21. Crumbs (Miguel Llansó)
As idiosyncratic as it gets, “Crumbs” is a refreshing, delightfully absurd take on post-apocalyptic sci-fi – a sardonic satire on idolatry and consumerist society in the guise of a mythopoeic journey across surreal Ethiopia of the distant future. Helmed with assurance and a twisted sense of humor, it involves a neo-Nazi with Mickey Mouse ears, a shrine dedicated to deified Michael Jordan and a Ninja Turtle talisman replaced by a plastic sword.
And let’s not forget a mysterious spaceship which hovers above the petty remains of humankind and serves as high-and-mighty MacGuffin… While Llansó successfully reconciles the influences of Jodorowsky, Gilliam and Lynch, his cast of non-professionals shines through with sincere naiveté. Their weird game is wonderfully captured by Israel Seoane’s wide-screen cinematography which is accompanied by Atomizador’s “throbbing alien score” (in the words of Mark Bould).
20. Evolution (Lucile Hadžihalilović)
Hadžihalilović’s sophomore flick feels like a spiritual sequel to her brilliant debut “Innocence” and even though it’s undeniably weaker, it easily tops many movies that (undeservingly) got all the attention in 2016. Yes, it’s enigmatic to the point of impenetrability, but that (the thought-provoking factor) is one of the reasons why it’s so fascinating.
Dark, silent, poetic, ethereal, brooding and filmed with great care on the real-world, yet unearthly-looking location (a forsaken village of Lanzarote, the island in the Canaries), “Evolution” plays upon our fears of the unknown, bordering on Lovecraftian dread with its eery atmosphere. Draped in subdued, “sickly” colors and deep shadows which conceal the answers to ‘whats’ and ‘whys’, it is a visually stimulating nightmare whose elusiveness haunts you long after you have experienced it.
19. The Empire of Corpses (Ryōtarō Makihara)
Based on the novel of the same name by early deceased Satoshi Itō, aka Project Itō (1974-2009), “The Empire of Corpses (Shisha no Teikoku)” is an intriguing and spellbinding steampunk fantasy which breathes fresh air to zombie subgenre. Walking a similar route to Moore and O’Neill’s “The League of Extraordinary Gentlemen”, it brings together a bunch of historical figures and fictitious characters on a wild ride.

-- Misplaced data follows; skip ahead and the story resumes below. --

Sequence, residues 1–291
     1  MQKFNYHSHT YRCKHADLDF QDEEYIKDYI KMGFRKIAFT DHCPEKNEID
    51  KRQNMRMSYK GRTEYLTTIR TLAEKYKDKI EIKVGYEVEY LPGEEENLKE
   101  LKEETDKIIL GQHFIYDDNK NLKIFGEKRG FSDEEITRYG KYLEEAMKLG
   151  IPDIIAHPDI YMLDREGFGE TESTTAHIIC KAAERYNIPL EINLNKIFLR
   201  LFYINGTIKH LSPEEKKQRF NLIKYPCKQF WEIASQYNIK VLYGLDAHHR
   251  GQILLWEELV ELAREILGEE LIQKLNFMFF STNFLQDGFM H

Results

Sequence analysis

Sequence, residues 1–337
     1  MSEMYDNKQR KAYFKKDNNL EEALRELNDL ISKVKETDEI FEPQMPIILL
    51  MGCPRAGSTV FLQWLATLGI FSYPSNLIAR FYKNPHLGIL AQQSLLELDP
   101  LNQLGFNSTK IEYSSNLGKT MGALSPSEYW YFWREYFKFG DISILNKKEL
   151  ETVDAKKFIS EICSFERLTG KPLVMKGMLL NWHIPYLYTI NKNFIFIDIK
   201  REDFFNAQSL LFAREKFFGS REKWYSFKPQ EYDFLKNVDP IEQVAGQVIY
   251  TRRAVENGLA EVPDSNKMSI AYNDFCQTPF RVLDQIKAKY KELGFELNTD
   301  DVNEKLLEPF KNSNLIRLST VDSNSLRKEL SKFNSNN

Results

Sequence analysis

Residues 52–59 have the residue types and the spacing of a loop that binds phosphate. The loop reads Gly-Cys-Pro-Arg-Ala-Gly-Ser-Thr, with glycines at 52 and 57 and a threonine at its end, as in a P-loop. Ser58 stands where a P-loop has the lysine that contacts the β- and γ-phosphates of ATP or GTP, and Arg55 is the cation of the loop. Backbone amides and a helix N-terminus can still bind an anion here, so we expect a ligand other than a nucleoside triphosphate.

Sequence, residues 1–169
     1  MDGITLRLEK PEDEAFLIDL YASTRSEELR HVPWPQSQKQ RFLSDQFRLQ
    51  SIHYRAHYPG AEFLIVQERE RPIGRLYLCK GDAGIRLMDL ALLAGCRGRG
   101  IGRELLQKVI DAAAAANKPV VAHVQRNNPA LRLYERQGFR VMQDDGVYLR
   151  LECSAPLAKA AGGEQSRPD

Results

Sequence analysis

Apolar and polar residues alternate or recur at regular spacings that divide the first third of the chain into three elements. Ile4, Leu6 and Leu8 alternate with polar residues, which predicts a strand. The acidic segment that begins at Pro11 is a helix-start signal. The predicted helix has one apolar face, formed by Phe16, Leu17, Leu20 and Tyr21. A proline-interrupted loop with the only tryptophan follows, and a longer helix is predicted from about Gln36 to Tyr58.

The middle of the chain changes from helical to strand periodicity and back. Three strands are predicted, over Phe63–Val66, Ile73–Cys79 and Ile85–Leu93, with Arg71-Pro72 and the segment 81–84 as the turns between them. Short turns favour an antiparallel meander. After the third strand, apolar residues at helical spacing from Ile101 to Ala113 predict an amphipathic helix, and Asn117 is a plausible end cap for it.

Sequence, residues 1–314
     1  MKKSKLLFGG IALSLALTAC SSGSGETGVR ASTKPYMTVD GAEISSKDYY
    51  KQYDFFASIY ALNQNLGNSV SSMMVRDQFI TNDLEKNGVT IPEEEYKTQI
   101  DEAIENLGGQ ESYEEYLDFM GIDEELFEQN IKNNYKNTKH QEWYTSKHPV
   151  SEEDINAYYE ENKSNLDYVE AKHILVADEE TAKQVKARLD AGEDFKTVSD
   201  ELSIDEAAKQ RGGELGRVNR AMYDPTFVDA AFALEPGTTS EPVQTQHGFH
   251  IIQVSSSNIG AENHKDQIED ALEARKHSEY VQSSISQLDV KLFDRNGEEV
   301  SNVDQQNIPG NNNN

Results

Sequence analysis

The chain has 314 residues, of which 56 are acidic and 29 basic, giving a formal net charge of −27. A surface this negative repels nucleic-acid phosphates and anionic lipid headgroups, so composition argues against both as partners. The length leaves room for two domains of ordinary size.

Ryōtarō Makihara takes the cue from his previous anime (Hal) and tries to solve the riddle of soul and discover the essence of being human (in the era of globalization). Between pseudo-science (of so called “necroware” – a corpse-reanimating software) and mind-blowing action scenes, he leaves enough space for philosophical musings which the characterization is subordinated to (Mamoru Oshii’s influence?).
All the while, we’re treated to the meticulously designed and wonderfully revived Victorian era of the alternative past – credits go to the talented artists from Wit Studio (Attack on Titan).
18. Cosmos (Andrzej Zulawski)
Andrzej Zulawski’s swan song is a cacophonous Ode to Chaos which, whether we want to admit it or not, rules over our lives, destroying the embryos of order as soon as they are formed. It is an odd intellectual farce of mentally unstable individuals with elusive nature and often illogical actions; a confusing existentialist nightmare which ostensibly ends after the awakening.
In a “pompous” fashion, “Cosmos” amalgamates (romantic) melodrama and detective mystery with no solution, breaking the fourth wall after the series of inexplicabilities. Conceived in creative madness, it simultaneously frustrates, fascinates and makes you think you’re losing your mind, but after a (mandatory) rewatch, it starts making sense. When it comes to the eccentric characters, the first glance is deceiving as well.
Rife with “bleurghs” and (pop) cultural references, from Dante’s verses to “Candyman”, “Cosmos” is the “talkiest” film in recent memory and yet, the incessant babbling doesn’t undermine its beauty.